the name of the game on the web.  I personally would never make a new
user sit through even 500ms of benchmarking if I could reasonably
avoid it.  With no hints from RENDERER or similar, I would instead
probably start myapp with minimal features, and adaptively ramp them
up until frame rate starts to suffer.  But that's not great for users
either.  It would be much better to do one table lookup to pick good
defaults, and then give the user some way to change the defaults if
they don't like them.

My other hot button is that I'm excited about the ability to
characterize the universe of WebGL implementations using webgl-bench
(or something like it).  What a huge boon for devs to be able to
figure out what hardware capabilities and speeds are loose in the
wild.  Great for users too, to be able to compare browsers and cards
and OS's.

> For bug workaround issues, there isn't necessarily an easy workaround, unless you can check for the bug at runtime.  If you can, great; problem solved.  If you can't for whatever reason, then perhaps that driver can't really support WebGL, and it should be blacklisted until the underlying bugs are fixed.

On the one hand I know what you mean -- for security purposes alone,
WebGL needs to be locked down enough that bugs are rare, and security
vulnerabilities fixed ASAP.  On the other hand, I know that in the
real world, bugs will happen.  If a bug isn't a true security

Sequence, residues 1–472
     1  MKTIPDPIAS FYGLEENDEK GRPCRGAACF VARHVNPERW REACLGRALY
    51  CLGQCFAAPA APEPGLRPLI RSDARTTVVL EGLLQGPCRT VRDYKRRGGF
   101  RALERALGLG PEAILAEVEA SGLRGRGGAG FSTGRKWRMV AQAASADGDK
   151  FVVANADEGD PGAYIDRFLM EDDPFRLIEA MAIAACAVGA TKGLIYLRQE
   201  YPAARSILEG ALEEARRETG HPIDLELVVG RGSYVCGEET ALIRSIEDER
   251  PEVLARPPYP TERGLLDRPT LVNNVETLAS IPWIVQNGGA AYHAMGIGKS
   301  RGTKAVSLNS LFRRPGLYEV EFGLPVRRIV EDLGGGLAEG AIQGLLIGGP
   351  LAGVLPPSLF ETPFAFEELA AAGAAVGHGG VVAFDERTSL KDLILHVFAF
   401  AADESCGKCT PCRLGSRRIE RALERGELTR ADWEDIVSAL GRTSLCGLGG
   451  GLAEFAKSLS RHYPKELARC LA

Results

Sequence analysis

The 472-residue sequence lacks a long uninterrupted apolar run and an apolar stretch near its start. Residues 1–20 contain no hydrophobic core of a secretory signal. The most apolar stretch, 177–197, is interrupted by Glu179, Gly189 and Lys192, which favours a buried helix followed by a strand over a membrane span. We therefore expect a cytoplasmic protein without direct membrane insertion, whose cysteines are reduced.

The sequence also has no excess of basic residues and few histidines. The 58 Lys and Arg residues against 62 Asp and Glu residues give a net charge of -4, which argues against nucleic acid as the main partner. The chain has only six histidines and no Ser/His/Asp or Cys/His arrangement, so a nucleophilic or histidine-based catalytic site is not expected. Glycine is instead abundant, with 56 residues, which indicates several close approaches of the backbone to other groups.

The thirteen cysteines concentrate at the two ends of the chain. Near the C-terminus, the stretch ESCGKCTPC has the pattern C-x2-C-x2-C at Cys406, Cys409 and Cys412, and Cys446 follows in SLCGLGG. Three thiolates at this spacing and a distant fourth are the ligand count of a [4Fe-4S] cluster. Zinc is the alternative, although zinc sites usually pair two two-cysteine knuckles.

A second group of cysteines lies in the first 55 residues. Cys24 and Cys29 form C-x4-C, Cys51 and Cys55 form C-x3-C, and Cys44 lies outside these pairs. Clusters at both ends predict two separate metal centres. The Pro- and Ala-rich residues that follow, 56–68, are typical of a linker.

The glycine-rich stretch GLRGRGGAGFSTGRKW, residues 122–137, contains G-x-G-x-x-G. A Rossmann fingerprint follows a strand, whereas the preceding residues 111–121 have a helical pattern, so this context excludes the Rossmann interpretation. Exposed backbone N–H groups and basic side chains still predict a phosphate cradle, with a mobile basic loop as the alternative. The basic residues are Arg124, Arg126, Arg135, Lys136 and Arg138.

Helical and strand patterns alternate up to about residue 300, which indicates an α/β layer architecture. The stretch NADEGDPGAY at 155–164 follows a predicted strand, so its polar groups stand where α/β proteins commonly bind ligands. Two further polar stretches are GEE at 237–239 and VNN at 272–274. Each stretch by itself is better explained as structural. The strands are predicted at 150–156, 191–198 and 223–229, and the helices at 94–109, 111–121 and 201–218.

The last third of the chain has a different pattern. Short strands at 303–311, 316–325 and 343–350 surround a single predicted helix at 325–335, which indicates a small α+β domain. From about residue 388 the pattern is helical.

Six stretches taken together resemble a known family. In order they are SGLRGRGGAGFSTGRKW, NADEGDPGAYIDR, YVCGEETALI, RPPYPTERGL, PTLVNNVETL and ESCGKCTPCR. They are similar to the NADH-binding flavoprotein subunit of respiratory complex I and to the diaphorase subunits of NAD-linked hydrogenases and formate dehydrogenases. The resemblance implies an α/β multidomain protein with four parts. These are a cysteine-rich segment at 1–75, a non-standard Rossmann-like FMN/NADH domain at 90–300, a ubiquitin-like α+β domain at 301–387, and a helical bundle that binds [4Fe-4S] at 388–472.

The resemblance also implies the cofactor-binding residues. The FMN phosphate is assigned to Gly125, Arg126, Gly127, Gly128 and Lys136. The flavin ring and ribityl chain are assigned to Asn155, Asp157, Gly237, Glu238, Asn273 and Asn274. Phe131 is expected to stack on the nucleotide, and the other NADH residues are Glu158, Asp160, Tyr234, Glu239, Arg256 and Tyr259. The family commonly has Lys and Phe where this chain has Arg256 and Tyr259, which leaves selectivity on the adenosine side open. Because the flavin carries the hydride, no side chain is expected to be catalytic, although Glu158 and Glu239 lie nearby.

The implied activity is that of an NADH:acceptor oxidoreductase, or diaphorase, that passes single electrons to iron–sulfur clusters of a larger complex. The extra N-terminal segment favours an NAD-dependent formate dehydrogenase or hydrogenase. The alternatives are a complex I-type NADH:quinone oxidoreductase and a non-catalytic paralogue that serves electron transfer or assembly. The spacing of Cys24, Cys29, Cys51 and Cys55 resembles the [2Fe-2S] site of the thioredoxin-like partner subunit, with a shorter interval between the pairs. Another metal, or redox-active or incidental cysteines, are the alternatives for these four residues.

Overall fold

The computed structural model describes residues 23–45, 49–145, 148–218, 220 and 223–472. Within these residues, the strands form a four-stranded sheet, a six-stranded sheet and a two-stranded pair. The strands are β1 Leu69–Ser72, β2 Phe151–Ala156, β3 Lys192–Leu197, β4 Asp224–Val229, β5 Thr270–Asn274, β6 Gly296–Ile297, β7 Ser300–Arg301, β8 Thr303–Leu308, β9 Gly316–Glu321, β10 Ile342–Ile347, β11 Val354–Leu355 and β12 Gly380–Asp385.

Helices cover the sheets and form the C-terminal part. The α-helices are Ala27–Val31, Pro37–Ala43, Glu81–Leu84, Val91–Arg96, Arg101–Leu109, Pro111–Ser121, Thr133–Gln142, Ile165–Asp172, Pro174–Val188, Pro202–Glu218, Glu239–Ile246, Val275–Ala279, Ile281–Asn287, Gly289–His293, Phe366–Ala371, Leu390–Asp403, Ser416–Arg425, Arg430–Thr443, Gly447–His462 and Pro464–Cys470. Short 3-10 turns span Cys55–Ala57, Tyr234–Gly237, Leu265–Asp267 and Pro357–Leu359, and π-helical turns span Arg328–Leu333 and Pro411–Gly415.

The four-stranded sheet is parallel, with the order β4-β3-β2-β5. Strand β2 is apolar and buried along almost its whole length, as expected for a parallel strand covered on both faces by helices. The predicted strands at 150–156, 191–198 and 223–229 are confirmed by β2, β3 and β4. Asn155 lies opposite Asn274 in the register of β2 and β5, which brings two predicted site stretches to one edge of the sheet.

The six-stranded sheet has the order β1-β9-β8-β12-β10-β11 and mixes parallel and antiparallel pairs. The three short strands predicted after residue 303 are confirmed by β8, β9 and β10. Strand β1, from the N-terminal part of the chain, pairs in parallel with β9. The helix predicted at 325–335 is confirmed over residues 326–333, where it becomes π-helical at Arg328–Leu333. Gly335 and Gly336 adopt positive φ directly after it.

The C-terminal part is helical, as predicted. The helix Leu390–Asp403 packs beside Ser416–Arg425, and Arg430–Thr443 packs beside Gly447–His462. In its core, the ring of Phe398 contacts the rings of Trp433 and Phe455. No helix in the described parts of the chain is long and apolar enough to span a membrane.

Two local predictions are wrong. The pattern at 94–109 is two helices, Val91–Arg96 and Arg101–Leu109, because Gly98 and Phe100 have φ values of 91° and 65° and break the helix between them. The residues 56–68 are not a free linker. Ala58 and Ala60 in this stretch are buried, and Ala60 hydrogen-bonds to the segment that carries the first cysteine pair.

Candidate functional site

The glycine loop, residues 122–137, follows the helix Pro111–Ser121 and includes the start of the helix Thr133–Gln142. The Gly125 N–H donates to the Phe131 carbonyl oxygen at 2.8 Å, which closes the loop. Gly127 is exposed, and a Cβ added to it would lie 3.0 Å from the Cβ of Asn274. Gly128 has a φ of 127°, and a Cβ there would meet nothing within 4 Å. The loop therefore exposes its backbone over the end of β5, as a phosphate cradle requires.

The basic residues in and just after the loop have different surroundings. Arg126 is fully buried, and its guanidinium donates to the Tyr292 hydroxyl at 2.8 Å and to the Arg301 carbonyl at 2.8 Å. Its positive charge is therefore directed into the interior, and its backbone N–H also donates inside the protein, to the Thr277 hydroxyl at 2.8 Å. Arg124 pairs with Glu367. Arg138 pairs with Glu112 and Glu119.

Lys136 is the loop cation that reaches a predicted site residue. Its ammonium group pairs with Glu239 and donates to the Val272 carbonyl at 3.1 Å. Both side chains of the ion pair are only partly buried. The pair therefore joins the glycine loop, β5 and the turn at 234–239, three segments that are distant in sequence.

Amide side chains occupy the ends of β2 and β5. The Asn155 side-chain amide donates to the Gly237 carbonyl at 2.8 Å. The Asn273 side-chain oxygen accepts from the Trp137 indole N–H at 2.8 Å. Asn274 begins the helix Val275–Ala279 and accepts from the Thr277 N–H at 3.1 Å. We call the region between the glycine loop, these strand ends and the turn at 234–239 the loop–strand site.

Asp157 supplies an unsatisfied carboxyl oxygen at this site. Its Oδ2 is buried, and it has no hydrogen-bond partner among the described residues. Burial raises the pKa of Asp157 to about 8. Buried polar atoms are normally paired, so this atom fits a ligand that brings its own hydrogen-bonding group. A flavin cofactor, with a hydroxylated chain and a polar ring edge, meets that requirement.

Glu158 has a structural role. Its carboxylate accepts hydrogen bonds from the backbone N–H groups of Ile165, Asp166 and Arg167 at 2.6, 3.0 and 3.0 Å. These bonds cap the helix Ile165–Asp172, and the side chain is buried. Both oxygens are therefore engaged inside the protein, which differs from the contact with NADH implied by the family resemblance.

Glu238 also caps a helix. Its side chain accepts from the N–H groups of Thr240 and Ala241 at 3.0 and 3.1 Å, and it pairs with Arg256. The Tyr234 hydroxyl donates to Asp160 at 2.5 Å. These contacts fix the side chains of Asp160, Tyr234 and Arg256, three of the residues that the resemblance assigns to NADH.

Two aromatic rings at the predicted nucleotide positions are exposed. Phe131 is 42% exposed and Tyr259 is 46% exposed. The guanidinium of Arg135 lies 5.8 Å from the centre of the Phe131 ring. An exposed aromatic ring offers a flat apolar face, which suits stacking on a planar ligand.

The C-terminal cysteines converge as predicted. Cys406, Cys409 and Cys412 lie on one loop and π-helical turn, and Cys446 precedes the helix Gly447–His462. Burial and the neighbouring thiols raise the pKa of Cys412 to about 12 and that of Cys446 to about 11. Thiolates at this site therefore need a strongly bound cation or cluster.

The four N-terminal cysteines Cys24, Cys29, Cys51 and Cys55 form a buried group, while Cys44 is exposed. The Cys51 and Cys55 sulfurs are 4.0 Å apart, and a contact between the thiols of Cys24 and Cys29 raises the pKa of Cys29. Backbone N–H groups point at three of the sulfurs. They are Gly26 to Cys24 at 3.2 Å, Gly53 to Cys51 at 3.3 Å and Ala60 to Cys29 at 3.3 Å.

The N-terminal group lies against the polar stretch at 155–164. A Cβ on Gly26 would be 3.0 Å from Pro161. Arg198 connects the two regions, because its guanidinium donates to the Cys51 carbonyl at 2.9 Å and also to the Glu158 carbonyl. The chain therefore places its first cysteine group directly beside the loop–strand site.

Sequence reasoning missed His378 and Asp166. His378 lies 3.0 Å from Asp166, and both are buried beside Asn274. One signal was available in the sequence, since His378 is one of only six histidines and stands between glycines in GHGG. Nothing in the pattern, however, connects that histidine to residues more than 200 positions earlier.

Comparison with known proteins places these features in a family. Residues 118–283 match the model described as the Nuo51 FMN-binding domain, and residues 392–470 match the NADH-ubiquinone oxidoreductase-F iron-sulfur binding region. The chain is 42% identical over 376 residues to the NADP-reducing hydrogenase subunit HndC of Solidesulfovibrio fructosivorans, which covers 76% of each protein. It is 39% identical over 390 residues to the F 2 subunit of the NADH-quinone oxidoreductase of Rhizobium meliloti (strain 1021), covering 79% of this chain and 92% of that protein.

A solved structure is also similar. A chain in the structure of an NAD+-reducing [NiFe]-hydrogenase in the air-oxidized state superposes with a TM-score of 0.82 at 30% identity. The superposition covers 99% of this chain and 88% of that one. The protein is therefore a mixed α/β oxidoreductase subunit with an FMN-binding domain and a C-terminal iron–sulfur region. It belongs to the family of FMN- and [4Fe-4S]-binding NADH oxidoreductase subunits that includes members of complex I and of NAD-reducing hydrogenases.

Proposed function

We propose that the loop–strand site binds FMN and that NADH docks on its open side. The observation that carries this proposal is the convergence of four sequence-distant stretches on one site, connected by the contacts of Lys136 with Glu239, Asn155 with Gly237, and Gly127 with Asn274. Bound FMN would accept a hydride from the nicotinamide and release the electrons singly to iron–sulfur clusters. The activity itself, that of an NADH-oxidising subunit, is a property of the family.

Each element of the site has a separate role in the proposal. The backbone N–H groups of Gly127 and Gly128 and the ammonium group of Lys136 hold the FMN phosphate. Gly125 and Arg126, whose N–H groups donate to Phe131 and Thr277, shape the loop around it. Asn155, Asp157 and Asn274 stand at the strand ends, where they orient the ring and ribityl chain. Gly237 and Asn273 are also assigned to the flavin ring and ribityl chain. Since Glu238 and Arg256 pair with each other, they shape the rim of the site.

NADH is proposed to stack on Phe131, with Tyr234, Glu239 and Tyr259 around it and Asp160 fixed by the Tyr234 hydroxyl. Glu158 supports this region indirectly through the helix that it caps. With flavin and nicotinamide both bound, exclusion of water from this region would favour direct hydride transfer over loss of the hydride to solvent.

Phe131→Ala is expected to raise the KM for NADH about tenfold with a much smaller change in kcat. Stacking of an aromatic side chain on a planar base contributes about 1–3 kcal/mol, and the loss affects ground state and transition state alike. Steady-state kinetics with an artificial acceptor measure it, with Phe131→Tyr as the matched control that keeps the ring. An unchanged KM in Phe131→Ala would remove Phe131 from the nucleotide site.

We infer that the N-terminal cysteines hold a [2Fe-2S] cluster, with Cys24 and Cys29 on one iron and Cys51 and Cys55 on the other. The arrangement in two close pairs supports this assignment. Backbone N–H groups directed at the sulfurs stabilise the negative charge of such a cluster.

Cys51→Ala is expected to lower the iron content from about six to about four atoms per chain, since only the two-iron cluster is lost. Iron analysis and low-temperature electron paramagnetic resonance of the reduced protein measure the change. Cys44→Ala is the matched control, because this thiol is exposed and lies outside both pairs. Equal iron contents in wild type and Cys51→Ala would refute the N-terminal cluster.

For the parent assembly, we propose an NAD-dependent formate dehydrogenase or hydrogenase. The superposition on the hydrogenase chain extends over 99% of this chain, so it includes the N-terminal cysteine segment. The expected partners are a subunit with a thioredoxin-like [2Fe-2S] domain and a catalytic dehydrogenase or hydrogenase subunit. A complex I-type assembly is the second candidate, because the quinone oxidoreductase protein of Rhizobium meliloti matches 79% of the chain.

vulnerability, it won't (and shouldn't) warrant a blacklisting of
someone's hardware.  So we devs will be stuck needing to identify the
problematic hardware to do a workaround.  If you make it hard to
identify the hardware, we're going to have to spend effort on
alternatives (whether it's "please use a different browser", or a bag
of voodoo code-based diagnostics, or labor intensive troubleshooting).
 In many situations it will be the users who suffer, threatening the
reputation of WebGL.

> For support issues, Firefox has a wealth of data in about:support that could be used to figure out hardware details.  This can be accessed by the user via the menu -> Help -> Troubleshooting Information, from where they can click a button to copy all the info to the clipboard for pasting into a support request.

That's good.  Automation is way way better.

> Having more detailed RENDERER etc. info to work around these problems starts going down a long train where the short-term fix might feel good, but it will be extremely painful to undo in the long run.  I'd rather not recreate another UA string, especially given the emphasis that has been placed on cross-browser WebGL compat.

Hopefully I'm making it clear that there are real costs to not having
it.  I understand if you weigh the cost/benefits differently but I
want to be clear about what they are.

-T